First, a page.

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Excerpted From: LaTasha Hill, Less Talk, More Action: How Law Schools Can Counteract Racial Bias of LSAT Scores in the Admissions Process, 19 University of Maryland Law Journal of Race, Religion, Gender and Class 313 (Fall, 2019) (247 Footnotes) (Full Document)


LaTashaHillThere are grave concerns regarding the overreliance and emphasis placed on the LSAT as a predictor of law school success given the growing and staggering evidence of test bias. The staggering LSAT score gap between White and minority test-takers has remained true for decades and consistently appears in a variety of data from different sources. Although law schools and testing agencies are aware of the discriminatory impact of LSAT scores on minority applicants, many schools continue to utilize a standard that is racially and ethnically biased.

This article will not explore the following reasons why the LSAT has a discriminatory impact on minority students: prior educational disparities, socioeconomic status, biased questions, family structure, and stereotype threat. There is decades of research to explain the LSAT performance gap. The purpose of this article is to push the conversation forward and discuss ways law schools should use the evidence as support for creating a more equitable law school admissions process.

Part II defines test bias and explains how it manifests in standardized and aptitude tests.

Part III discusses the racial history of standardized tests and provides a composition breakdown of the LSAT and its use.

Part IV uses statistical evidence from studies to explain the severity of racial bias in LSAT scores.

Part V discusses the inadequacies of using LSAT scores - a standardized test - to predict how successful an applicant will be in law school and as a lawyer since each requires different skill sets.

Part VI discusses paradoxical regulations within the American Bar Association (ABA) that are intended to increase diversity while overlooking the discriminatory impact of the LSAT.

Part VII offers numerous factors that could be added to the admissions process to counteract racial bias of LSAT scores. These suggestions could bring more fairness into law school applicant evaluations, especially for minority applicants. Part VII.A discusses how undergraduate grade point averages (UGPAs) can be emphasized more since it directly reflects subject mastery. Part VII.B proposes the idea of creating a new law school written assessment that is culture free; thus, removing racial and cultural bias of scores. Part VII.C discusses fluctuating the weight of LSAT scores in the admissions process by allowing applicants to decide how much weight is given to their LSAT score. Part VII.D discusses incorporating more video interviews into the admissions process as an effort to better evaluate an applicant's character and intangible skills that a standardized test cannot measure. Part VII.E considers expanding access to legal education to marginal applicants by offering performance or probationary based programs as an effort to assess how an applicant does in the classroom compared to their LSAT scores. VII.F explores early-entry programs which allow undergraduates to apply for law school and simultaneously complete law school prep courses while earning a bachelor's degree. Lastly, Part VII.G discusses direct measure applications, which would allow admissions committees to better evaluate character and intangible skills that are molded through life experiences.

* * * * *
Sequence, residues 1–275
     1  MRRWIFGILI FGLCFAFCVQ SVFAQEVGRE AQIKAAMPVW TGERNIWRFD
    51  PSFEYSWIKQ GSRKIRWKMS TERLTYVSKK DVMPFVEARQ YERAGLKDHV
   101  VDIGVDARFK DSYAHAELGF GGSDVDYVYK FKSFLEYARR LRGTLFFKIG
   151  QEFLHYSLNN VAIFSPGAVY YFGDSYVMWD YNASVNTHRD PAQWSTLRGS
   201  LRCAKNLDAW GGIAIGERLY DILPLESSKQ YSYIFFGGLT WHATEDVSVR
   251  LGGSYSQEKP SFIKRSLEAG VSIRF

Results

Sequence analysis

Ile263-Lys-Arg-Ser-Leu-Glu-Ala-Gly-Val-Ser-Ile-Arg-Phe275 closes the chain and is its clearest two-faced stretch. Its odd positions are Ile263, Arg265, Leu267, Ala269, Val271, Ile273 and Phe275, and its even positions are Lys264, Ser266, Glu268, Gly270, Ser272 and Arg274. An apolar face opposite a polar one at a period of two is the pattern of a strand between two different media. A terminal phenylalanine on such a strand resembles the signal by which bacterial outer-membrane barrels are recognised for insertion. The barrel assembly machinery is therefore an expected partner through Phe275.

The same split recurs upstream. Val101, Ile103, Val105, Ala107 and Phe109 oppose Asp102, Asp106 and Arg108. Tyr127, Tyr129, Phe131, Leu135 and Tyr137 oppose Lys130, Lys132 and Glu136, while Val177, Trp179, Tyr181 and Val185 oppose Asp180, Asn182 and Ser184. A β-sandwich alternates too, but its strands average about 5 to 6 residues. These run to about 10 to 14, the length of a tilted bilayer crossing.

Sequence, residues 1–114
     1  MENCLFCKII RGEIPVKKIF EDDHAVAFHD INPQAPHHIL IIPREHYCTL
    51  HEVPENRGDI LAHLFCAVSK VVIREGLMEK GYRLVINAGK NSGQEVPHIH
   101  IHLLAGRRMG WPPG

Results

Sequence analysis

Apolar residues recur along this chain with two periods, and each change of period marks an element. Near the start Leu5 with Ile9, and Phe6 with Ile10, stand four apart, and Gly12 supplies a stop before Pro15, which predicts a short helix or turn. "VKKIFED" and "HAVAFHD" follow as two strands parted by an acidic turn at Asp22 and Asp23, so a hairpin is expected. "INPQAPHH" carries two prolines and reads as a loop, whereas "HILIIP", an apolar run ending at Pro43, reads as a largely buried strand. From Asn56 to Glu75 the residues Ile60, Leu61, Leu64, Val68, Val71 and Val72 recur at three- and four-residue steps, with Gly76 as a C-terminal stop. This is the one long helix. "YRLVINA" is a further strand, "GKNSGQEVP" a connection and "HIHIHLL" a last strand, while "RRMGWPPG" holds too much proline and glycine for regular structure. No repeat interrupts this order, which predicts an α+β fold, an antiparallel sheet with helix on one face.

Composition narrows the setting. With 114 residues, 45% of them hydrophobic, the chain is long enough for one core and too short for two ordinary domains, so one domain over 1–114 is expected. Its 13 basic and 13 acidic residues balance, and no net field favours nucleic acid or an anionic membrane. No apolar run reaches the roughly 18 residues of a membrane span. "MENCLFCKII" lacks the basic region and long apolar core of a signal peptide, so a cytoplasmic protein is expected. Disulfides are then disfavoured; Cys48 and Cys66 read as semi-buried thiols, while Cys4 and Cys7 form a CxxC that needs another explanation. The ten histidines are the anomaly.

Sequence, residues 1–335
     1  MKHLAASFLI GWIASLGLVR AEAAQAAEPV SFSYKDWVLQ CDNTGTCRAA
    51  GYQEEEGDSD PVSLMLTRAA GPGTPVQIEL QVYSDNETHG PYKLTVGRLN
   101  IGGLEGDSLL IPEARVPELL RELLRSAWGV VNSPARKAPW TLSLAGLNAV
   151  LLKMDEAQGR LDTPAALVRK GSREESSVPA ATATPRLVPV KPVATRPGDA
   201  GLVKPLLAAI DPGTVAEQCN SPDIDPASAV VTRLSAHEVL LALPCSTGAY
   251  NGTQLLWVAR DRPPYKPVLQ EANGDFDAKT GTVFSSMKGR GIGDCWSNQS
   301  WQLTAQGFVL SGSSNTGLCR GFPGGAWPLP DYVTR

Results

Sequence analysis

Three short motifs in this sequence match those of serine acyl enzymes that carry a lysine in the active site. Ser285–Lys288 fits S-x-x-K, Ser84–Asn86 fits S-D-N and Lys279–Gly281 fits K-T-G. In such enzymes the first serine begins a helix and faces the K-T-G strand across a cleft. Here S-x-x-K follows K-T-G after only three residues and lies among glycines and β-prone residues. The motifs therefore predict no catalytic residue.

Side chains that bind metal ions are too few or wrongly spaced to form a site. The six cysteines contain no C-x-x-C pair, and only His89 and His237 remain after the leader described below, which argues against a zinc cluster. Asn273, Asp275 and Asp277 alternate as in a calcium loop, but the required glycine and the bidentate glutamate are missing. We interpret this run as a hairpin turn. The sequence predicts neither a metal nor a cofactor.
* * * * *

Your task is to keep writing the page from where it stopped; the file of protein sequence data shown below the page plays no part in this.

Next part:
The article concludes by calling for the law school community, including the Law School Admissions Council (LSAC) and ABA, to formally acknowledge the racially charged imperfections of the admissions process surrounding overreliance on LSAT performance. Therefore, it is these institutions' responsibility to develop new and equitable means to evaluate a candidate's ability to do well in law school, pass the bar exam, and have a successful legal career. Without admission modifications, underrepresented populations will continue to remain at a disadvantage when applying to law school. Additionally, modifications would assist the ABA in fulfilling its commitment to diversifying the legal profession. Law schools cannot afford to continue using a flawed system while also expecting a different or more diversified result.

[. . .]

In order to promote racial equity in the law school admissions process, the LSAT score must be deemphasized as criteria for entry. Racial bias of LSAT scores exists and will exist until a new test is created that is bias free. Until then, there are active ways in which the law school community can help counteract the discriminatory impact LSAT scores have on minority applicants. These admission additions are an attempt to measure all the skills the LSAT leaves unmeasured and provide a more holistic view of an applicant. Having an admissions process that can examine tangible and intangible skills would create a more equitable evaluation and serve as a more accurate predictor for law school success and professional success.

Voting rights advocate in Washington, DC; J.D., University of San Francisco School of Law; B.A., University of North Carolina at Chapel Hill.

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